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  • RMC Cadets introduce their West Point hosts to “Good Canadian Stereotypes” / Les élèves-officiers du CMR présentent à leurs hôtes de West Point de «bons stéréotypes canadiens»

RMC Cadets introduce their West Point hosts to “Good Canadian Stereotypes” / Les élèves-officiers du CMR présentent à leurs hôtes de West Point de «bons stéréotypes canadiens»

Editor’s Note: The French version of this article will follow in the next edition of eVeritas. / Note de l’éditrice: La version française de cet article suivra dans la prochaine édition d’eVeritas.

27941 OCdt Maxime Fleming, Cadet Wing Internal Information Officer, collected the following snapshots of cultural exchange from those cadets who made the trip to West Point for this year’s I81 Exchange. / 27941 Élof Maxime Fleming, officier d’information interne de l’escadre des élèves-officiers, a recueilli les instantanés suivants des échanges culturels des élèves-officiers qui ont fait le déplacement à West Point pour l’Échange I81 de cette année.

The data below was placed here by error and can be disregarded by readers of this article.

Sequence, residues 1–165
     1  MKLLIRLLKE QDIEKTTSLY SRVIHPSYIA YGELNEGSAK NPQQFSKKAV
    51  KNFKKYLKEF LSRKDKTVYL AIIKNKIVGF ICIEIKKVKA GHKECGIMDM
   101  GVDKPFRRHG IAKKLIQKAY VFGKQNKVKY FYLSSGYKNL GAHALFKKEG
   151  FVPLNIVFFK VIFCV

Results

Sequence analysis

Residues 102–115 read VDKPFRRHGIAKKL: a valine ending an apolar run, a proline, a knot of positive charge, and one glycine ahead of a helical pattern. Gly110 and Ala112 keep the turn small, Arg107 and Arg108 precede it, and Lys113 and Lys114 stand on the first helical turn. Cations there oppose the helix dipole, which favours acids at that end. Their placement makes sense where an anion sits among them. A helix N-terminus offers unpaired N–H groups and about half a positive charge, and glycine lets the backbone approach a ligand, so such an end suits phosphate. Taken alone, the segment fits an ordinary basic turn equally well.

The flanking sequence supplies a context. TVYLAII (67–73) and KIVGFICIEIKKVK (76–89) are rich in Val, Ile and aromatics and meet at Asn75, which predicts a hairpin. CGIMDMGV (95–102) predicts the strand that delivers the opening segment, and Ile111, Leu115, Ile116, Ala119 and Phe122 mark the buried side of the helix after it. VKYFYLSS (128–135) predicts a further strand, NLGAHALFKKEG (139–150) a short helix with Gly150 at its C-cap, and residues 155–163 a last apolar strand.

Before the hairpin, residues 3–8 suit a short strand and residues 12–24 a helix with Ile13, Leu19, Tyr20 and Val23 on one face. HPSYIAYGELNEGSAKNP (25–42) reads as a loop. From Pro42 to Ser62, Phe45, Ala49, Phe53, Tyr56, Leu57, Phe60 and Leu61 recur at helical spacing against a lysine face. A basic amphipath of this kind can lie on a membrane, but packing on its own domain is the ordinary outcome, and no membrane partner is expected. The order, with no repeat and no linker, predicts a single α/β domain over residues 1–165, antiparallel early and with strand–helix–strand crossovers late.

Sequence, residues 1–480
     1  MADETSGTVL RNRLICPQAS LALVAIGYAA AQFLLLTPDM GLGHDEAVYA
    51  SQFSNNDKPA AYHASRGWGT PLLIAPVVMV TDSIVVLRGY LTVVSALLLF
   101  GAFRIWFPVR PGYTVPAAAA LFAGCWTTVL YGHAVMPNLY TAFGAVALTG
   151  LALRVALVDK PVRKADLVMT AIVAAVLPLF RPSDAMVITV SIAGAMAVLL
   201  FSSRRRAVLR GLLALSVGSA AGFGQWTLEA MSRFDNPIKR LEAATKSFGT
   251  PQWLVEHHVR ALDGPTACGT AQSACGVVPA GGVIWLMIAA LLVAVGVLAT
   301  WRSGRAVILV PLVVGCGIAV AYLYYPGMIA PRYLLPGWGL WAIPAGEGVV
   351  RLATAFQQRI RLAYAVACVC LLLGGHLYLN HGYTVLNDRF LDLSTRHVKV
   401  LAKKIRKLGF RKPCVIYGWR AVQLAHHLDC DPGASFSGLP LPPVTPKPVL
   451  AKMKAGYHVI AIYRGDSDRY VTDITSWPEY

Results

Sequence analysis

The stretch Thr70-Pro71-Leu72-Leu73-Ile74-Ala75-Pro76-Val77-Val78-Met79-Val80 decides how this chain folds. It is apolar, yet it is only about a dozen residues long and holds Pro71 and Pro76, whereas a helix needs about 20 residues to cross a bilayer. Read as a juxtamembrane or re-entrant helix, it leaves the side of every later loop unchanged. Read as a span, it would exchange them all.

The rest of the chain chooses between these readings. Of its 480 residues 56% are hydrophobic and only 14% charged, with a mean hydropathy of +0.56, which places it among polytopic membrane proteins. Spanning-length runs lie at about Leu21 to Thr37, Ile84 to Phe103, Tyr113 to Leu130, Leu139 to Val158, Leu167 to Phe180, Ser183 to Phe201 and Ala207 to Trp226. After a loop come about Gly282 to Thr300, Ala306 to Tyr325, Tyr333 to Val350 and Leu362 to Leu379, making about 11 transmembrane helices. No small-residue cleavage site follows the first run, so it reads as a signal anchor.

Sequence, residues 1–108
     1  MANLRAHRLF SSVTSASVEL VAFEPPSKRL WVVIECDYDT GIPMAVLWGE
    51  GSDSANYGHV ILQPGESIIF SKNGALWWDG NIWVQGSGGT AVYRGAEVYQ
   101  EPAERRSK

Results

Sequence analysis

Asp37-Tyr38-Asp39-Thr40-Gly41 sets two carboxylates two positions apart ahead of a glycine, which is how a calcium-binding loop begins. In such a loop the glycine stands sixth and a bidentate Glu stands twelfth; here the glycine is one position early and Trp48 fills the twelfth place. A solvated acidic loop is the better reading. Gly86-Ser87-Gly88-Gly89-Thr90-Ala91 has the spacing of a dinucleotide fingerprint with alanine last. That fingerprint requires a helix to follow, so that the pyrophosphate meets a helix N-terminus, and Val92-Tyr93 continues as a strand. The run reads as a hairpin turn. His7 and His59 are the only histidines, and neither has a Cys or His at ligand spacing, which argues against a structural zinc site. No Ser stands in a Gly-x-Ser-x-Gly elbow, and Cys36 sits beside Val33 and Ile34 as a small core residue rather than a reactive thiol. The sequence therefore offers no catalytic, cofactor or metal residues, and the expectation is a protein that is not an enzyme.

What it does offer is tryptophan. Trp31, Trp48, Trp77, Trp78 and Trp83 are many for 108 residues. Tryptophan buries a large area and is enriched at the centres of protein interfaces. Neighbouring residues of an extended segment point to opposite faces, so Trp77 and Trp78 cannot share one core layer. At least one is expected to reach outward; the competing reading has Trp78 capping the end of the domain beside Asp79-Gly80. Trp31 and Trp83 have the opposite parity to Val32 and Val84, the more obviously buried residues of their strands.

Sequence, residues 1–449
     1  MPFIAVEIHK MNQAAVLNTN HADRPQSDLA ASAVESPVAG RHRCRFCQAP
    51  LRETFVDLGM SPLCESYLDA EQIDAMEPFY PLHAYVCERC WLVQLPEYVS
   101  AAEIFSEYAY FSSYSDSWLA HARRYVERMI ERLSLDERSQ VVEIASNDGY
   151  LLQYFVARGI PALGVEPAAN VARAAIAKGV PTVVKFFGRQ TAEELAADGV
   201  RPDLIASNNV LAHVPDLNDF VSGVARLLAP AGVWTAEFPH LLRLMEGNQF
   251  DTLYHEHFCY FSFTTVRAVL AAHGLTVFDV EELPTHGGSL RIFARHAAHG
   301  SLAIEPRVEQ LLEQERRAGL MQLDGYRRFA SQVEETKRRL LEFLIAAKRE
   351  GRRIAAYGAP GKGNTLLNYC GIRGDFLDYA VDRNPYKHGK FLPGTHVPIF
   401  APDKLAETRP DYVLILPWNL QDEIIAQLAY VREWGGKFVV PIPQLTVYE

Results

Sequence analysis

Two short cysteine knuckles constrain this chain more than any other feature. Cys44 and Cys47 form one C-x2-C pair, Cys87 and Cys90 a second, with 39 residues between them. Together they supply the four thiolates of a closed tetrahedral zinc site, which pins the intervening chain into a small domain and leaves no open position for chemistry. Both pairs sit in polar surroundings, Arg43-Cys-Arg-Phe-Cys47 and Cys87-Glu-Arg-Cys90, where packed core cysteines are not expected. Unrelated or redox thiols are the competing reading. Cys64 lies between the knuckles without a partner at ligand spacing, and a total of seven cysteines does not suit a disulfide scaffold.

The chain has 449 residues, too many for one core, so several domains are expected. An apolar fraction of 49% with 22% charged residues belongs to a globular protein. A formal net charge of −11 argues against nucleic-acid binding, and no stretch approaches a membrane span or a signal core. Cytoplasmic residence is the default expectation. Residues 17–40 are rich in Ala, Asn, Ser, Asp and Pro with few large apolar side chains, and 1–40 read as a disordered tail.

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My experience at West Point was great for the most part. I met a lot of people who had tons of questions about Canada, and I was quite surprised about the general lack of knowledge that most of our American counterparts had about Canada. One guy I met even said, “You know, Canada really is a first world country, and I feel like a lot of people don’t realize that” as well as “So do you guys eat normal stuff for breakfast? Like eggs and bacon and stuff?” I told him “no, we eat beaver’s feet and moose jaws for breakfast” so hopefully that will spark some more stereotypes!

I was very impressed with West Point. The campus is very large, and the old buildings are kept looking pristine. Their mess hall is very beautiful and full of history. The amount of effort that is put into keeping the campus looking clean and nice, both inside and out, blew me away. The gym they have is also amazing, as it’s a multi story complex with two pools, a rock climbing gym, multiple weight rooms, and my favourite, the obstacle course room. I think we should implement something like the West Point obstacle course here at RMC. The obstacle course is potentially very dangerous, but so is being a member of the armed forces to begin with. One thing I found while running through it with the West Point Cadets was that the fear of injuring oneself on the course, forced us to plan our route cautiously while also developing our own self confidence to be able to get through it.

Overall I enjoyed myself a lot at West Point, and I encourage anyone who gets the opportunity to go there, to take it.

29055 OCdt Harley McCoy